Account of post-G20 police action against wrong person

Chief Commissioner Christine Nixon confirmed that a man had been mistakenly arrested.

"We certainly had resources out there looking for particular individuals," she said.

"We have taken individuals into custody today and in one case the person was released because he wasn't the person we thought he was."

- The Age, 20 November 2006

Here is an account of what happened from the partner of the person who was not the person the cops thought he was... >>

Drasko Boljevic was abducted and terrorised on Sunday 16th Nov. 2006 by Eleonor Palacio Wednesday November 22, 2006 at 11:15 PM

In between 12 midday and 12.15pm, Sunday 16th November 2006, Drasko Boljevic, my partner, was paying for a drink at Foodworks minimart, 408
Swanston Street, in front of RMIT, whilst his friend Oakis was inside the store. Drasko was abducted by three bouncer-looking men dressed in casual clothes and violently taken into an unidentifiable white van, where another 5 of them help holding Drasko down and hand cuffed him with special plastic cuffs. Oakies heard some screams and went outside to see Drasko’s feet being carried into the unidentifiable van. He asked the abducters if they were policemen and they reply ‘get the fuck out of here, get the fuck out of this city’

The men did not identify themselves or informed Drasko why he was being abducted. He was told to ‘shut the fuck up’ and that he was a ‘fucking bastard’ and they will ‘bash him up and smash his face’, whilst violently holding his legs crossed at his back and pushing his head against the floor of the van and sitting on it. They drove around the city for about 10 minutes continuously terrorising him with this type of comments and physical force. They pulled his pants down, searched him and cut his backpack of his back. ‘I thought I was going to died, I could hardly breath and I didn’t know who these people were’, Drasko said later.

They stop at an ally way behind Flinders St Station and made him lie on the floor, with his pants still down, and look down, still shouting at him to ‘shut the fuck up’.

Some police detectives in casual clothes arrived and identified themselves. It was not until then, about 25 minutes after his abduction, that he was informed he was arrested, no reasons for the arrest were given. They took some photos of his face, front and profile with a mobile. Then, they took him into an unidentified car and he was taken to the 412 St Kilda Rd Police Station.

When at the Police Station, they asked him if he would behave violently or bite policemen or if he would cooperate, and took his handcuffs off. He started being interrogated and for the first time since the abduction he was told he was arrested for assaulting a policewoman at the G20 protest on Saturday.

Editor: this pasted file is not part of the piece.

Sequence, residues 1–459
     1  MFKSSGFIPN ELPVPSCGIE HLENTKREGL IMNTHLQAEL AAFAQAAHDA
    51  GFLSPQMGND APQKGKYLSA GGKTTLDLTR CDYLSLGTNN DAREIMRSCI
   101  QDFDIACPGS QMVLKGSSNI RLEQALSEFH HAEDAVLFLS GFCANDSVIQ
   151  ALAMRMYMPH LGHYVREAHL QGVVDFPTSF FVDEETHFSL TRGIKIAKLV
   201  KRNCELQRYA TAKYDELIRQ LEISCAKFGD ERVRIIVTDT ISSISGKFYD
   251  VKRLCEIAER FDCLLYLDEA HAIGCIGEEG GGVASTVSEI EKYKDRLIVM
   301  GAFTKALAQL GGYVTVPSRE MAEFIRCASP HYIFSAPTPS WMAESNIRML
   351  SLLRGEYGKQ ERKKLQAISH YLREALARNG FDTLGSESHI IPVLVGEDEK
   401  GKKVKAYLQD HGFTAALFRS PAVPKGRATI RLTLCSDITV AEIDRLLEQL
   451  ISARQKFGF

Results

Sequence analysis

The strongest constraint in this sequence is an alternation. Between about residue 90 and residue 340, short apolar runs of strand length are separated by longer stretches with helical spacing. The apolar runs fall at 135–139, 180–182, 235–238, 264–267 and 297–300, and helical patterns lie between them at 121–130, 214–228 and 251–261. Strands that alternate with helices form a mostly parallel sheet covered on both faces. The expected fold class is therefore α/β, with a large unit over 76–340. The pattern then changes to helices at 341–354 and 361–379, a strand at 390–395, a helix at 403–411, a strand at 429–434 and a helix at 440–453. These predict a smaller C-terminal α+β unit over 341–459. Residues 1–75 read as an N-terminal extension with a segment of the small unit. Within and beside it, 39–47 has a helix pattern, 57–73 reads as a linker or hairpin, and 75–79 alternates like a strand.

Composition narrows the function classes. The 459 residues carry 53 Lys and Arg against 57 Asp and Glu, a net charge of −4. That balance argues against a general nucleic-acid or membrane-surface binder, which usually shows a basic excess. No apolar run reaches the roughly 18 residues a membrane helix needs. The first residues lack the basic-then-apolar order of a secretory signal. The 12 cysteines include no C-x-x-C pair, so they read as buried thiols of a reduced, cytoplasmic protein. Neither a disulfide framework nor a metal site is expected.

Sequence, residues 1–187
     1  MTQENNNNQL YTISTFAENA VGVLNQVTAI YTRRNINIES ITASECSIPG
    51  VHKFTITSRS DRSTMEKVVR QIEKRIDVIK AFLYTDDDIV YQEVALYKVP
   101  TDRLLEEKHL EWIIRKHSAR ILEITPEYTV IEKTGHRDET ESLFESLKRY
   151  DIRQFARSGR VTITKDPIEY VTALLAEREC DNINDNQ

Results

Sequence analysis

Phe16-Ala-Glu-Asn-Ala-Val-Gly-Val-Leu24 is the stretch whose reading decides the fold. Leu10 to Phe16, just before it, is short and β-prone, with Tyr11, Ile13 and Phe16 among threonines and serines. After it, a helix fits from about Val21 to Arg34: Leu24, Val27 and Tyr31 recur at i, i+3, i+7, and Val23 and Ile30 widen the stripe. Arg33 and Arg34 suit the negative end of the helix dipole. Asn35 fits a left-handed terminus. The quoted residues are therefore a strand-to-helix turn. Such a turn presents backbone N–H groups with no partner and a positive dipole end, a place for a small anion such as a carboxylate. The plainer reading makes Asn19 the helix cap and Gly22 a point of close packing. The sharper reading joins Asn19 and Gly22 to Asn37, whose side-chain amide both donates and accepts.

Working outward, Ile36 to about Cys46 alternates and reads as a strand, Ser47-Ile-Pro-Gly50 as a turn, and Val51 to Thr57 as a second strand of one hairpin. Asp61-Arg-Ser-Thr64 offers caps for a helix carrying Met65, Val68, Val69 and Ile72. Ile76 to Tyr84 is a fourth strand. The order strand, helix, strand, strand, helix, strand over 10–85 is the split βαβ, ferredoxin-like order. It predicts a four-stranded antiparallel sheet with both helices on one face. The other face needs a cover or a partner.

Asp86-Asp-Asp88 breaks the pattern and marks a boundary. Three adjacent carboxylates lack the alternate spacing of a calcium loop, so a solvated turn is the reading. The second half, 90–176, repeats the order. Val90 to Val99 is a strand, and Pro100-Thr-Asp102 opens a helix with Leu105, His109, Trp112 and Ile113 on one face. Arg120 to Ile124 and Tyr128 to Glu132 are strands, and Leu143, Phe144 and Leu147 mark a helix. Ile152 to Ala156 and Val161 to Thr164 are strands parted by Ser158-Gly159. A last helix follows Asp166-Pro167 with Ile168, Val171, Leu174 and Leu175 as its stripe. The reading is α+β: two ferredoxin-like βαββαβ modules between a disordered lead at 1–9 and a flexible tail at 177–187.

Drasko was not in Melbourne on Saturday, he was on his way to Malmsbury, 1 hour away from Melbourne, were he played the part of an ‘Emu’ in a
cabaret show at the Town Hall. Police said later that he was arrested ‘on the basis of his physical similarity with a suspect’.

At this point, about 2.00 it was apparent that they got the wrong person, and the Constable interrogating him told him he was about to be released, and that ‘if this was Croatia he wouldn’t be so lucky’. He was finally released at 2.35 pm.

After getting home in a state of shock and fear, Drasko realised he had a bruising in the right eyebrow (which is likely to become a black eye) and discomfort of the neck as immediate physical consequences of the violent way he was dealt with in the van. Drasko contacted the Ethical performance and Standards Offfice, under the supervision of Senior Constable Neil Curtis (who dealt with the case in the last instance) to inform of his physical state. They told him that ‘he should understand that in these circumstances they (the abductors) can’t take any risks’ and that ‘they need to apply considerable force when dealing with violent suspects’.

Dear friends, state terrorism exist in Australia. We can say that this was a ‘bad mistake’ or that this ‘mistake’ can happen to any of us any day. This task force operation replicates torturing tactics used in the 70s in Argentina or in war time in Croatia, just to name a few.

What kind of liberties do we have as individuals? Is this a democracy gone with the wind? We should have the right to peacefully protest, if we believe it a way to demonstrate a view over the state of affairs. But above all, we shouldn’t be terrorised by a policy of ‘tough hunt’. Protesters or not, we are all people and I would like to believe that this country can still regain some dignity towards its citizens and residents.

With love, thank you for your support.

You can pass this e-mail on and let people know that this is a reality of Australia 2006.